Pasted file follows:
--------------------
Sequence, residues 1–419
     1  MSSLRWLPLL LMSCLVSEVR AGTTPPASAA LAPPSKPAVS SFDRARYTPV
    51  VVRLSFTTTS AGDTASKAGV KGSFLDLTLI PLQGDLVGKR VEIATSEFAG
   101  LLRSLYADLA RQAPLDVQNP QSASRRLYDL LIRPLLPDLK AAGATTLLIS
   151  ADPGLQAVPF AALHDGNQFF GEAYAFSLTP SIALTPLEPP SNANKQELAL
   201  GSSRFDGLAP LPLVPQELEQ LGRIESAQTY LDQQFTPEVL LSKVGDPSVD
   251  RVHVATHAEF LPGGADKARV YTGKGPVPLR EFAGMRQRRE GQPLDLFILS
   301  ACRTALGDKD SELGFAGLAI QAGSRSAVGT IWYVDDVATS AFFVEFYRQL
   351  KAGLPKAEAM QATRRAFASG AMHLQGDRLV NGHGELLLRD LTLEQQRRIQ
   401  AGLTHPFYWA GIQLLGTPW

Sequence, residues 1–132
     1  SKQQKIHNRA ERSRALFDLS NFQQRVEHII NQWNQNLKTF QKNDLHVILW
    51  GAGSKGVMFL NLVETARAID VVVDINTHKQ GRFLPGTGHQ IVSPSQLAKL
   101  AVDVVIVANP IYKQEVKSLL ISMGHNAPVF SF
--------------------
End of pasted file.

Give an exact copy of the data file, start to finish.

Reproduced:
Sequence, residues 1–419
     1  MSSLRWLPLL LMSCLVSEVR AGTTPPASAA LAPPSKPAVS SFDRARYTPV
    51  VVRLSFTTTS AGDTASKAGV KGSFLDLTLI PLQGDLVGKR VEIATSEFAG
   101  LLRSLYADLA RQAPLDVQNP QSASRRLYDL LIRPLLPDLK AAGATTLLIS
   151  ADPGLQAVPF AALHDGNQFF GEAYAFSLTP SIALTPLEPP SNANKQELAL
   201  GSSRFDGLAP LPLVPQELEQ LGRIESAQTY LDQQFTPEVL LSKVGDPSVD
   251  RVHVATHAEF LPGGADKARV YTGKGPVPLR EFAGMRQRRE GQPLDLFILS
   301  ACRTALGDKD SELGFAGLAI QAGSRSAVGT IWYVDDVATS AFFVEFYRQL
   351  KAGLPKAEAM QATRRAFASG AMHLQGDRLV NGHGELLLRD LTLEQQRRIQ
   401  AGLTHPFYWA GIQLLGTPW

Sequence, residues 1–132
     1  SKQQKIHNRA ERSRALFDLS NFQQRVEHII NQWNQNLKTF QKNDLHVILW
    51  GAGSKGVMFL NLVETARAID VVVDINTHKQ GRFLPGTGHQ IVSPSQLAKL
   101  AVDVVIVANP IYKQEVKSLL ISMGHNAPVF SF